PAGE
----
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Navy pins fleet's hopes on FSU
By SHELBY OPPEL
© St. Petersburg Times, published July 26, 2000
TALLAHASSEE -- The U.S. Navy hopes Florida State University can make its dream of all-electric ships come true, and it's giving the school $10.9-million to do it.
The grant to the FSU Center for Advanced Power Systems, housed at the National High Magnetic Field Laboratory in Tallahassee, will allow FSU and naval scientists to design a blueprint for an all-electric fleet.
During the next two decades, their research will be used to build a "new generation" of ships that are more efficient and combat-ready than traditional steam- and fuel-powered ships, said Admiral Jay Cohen, director of the Office of Naval Research.
Announcing the grant Tuesday, Cohen compared the Navy's anticipated switch to electric power to the historic transition from sails to steam-powered boats.
"This transition to the all-electric Navy is of that magnitude," Cohen said.
Now, the Navy's 330 aircraft carriers, submarines and other vessels are powered by nuclear reactors, oil-fueled boilers, diesel engines or gas turbines, Cohen said.
Those systems consume up to 90 percent of ship space and require as many as 400 sailors per vessel, Cohen said. Using electric propulsion systems will free up space and cut crew size to about 95 sailors per ship, he said.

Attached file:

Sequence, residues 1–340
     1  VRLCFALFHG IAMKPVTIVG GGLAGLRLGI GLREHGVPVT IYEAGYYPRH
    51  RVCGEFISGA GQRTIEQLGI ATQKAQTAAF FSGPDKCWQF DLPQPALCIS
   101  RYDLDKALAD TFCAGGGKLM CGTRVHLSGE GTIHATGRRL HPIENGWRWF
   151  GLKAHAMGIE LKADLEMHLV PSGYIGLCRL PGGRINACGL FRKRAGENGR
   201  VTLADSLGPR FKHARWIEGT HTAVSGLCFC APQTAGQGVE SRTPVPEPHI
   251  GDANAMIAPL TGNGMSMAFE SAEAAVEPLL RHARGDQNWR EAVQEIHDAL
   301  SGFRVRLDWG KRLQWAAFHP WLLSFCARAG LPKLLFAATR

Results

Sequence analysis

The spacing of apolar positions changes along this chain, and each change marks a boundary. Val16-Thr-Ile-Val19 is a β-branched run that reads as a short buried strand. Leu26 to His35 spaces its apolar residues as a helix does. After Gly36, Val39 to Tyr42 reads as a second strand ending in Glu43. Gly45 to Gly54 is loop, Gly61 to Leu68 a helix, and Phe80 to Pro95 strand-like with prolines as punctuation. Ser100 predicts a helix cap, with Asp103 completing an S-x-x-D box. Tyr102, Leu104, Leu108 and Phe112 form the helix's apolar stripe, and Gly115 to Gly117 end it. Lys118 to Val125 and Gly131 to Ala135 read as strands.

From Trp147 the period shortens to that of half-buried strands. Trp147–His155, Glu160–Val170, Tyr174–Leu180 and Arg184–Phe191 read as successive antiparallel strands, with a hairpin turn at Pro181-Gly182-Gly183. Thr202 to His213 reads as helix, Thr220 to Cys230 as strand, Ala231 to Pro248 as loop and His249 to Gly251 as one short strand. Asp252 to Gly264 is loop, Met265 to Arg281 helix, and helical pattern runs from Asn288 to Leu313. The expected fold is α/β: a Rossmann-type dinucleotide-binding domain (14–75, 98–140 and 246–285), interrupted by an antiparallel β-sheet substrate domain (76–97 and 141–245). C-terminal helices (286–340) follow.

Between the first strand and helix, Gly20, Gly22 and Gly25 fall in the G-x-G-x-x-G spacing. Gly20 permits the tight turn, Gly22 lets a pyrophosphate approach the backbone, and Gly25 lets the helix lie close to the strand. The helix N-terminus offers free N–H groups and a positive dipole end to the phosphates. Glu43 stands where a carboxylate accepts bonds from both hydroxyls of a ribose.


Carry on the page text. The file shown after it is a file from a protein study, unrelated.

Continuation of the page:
Eighty percent of power produced by the traditional systems must be reserved for propulsion, even when the ships aren't moving at maximum speed, Cohen said. That leaves only 20 percent of available power for other uses. An electric-powered ship would offer more flexibility and enable the Navy to take advantage of developing technologies such as high-powered weapons and electro-magnetic aircraft launchers.
With the grant, FSU is expected to establish a "research agenda" for the project, said Raymond Bye, FSU's vice president for research. During the next 15 to 20 years, power companies across the nation will compete for more research dollars to construct the plans designed by FSU scientists.
While all-electric ships aren't expected until 2020 at the earliest, the Navy expects to unveil a ship that uses electricity for propulsion only in 2011. The DD 21 Land Attack Destroyer is expected to cost between $750-million and $1-billion.
The FSU Center for Advanced Power Systems includes scientists from the Florida A&M University-FSU College of Engineering and the National High Magnetic Field Laboratory.
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